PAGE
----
Elena Ortiz did not have time to scream. Or, if she did, no one heard her. Not the family in the unit next door, nor the couple below.
The intruder brought his tools with him. Duct tape. A rag soaked in chloroform. A collection of surgical instruments. He had come fully prepared.
The ordeal would have lasted well over an hour. Elena Ortiz was conscious for at least part of that time. The skin on her wrists and ankles was chafed, indicating she had struggled. In her panic, her agony, she had emptied her bladder, and urine had soaked into the mattress, mingling with her blood. The operation was a delicate one, and he took the time to do it right, to take only what he wanted, nothing more.
He did not rape her; perhaps he was incapable of doing so.
When he’d finished his terrible excision, she was still alive. The pelvic wound continued to bleed, the heart to pump. How long? Dr. Tierney had guessed at least half an hour. Thirty minutes, which must have seemed an eternity to Elena Ortiz.
What were you doing during that time? Putting your tools away? Packing your prize in a jar? Or did you merely stand here, enjoying the view?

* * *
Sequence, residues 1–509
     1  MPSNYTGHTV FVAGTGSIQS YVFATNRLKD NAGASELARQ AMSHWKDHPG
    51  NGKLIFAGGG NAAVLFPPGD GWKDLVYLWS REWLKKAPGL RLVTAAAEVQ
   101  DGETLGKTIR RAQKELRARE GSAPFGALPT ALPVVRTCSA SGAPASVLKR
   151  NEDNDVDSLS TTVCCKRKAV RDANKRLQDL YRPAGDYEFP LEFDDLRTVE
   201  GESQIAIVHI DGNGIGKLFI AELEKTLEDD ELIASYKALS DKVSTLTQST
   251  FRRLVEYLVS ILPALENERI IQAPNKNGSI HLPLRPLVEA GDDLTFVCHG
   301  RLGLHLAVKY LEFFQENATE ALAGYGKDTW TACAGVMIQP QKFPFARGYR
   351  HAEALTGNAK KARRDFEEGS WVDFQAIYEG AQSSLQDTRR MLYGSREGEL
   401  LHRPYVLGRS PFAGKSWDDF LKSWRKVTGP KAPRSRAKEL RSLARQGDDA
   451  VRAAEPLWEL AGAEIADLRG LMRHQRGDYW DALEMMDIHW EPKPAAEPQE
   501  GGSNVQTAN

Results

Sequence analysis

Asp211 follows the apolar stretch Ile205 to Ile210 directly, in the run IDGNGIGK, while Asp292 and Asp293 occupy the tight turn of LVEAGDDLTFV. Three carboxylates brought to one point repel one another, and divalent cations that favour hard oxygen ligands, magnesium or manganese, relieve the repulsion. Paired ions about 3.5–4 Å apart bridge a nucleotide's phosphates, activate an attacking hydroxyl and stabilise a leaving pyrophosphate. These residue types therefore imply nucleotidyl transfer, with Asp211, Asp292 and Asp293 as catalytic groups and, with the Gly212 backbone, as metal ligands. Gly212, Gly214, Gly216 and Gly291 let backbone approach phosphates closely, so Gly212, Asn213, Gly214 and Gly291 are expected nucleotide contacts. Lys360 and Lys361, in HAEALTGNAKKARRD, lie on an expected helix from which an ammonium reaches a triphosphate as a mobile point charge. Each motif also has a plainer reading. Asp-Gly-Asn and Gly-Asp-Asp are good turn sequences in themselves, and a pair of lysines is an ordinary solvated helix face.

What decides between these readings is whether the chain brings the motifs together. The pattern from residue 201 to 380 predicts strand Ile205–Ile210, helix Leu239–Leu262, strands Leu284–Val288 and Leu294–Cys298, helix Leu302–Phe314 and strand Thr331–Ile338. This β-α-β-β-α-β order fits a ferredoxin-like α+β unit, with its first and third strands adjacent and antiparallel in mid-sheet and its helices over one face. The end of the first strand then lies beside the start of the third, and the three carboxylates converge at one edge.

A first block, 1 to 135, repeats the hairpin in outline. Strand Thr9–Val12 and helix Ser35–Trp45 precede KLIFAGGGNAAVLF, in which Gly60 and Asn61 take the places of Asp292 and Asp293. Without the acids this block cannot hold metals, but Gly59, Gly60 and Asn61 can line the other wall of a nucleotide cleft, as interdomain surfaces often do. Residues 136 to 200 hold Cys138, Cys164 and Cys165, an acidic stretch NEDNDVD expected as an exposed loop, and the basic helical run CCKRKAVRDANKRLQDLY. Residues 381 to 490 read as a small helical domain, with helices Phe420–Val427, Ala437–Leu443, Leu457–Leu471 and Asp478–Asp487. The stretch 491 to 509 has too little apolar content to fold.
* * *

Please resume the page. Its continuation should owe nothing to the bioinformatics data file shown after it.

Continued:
The final act was swift and businesslike. Elena Ortiz’s tormentor had taken what he wanted, and now it was time to finish things. He’d moved to the head of the bed. With his left hand he’d grasped a handful of her hair, yanking backward so hard he tore out more than two dozen strands. These were found later, scattered on the pillow and floor. The bloodstains shrieked out the final events. With her head immobilized and the neck fully exposed, he’d made a single deep slash starting at the left jaw and moving rightward, across the throat. He had severed the left carotid artery and the trachea. Blood spurted. On the wall to the left of the bed were dense clusters of small circular drops flowing downward, characteristic of arterial spray as well as exhalation of blood from the trachea. The pillow and sheets were saturated from downward dripping. Several cast-off droplets, thrown off as the intruder swung away the blade, had spattered the windowsill.
Elena Ortiz had lived long enough to see her own blood spurt from her neck and hit the wall in a machine-gun spray of red. She had lived long enough to aspirate blood into her severed trachea, to hear it gurgle in her lungs, to cough it out in explosive bursts of crimson phlegm.
She had lived long enough to know she was dying.
And when it was done, when her agonal struggles had ceased, you left us a calling card. You neatly folded the victim’s nightshirt, and you left it on the dresser. Why? Is it some twisted sign of respect for the woman you’ve just slaughtered? Or is it your way of mocking us? Your way of telling us that you are in control?